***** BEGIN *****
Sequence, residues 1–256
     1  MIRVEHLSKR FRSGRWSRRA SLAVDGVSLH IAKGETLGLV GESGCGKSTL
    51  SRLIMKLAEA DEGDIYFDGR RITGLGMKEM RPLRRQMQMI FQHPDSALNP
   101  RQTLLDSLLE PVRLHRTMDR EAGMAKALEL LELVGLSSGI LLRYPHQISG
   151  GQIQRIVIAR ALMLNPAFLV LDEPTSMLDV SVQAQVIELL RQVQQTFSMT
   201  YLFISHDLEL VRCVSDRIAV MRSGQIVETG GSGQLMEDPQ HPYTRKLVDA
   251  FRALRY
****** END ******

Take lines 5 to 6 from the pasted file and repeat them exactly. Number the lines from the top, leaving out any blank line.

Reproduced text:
   151  GQIQRIVIAR ALMLNPAFLV LDEPTSMLDV SVQAQVIELL RQVQQTFSMT
   201  YLFISHDLEL VRCVSDRIAV MRSGQIVETG GSGQLMEDPQ HPYTRKLVDA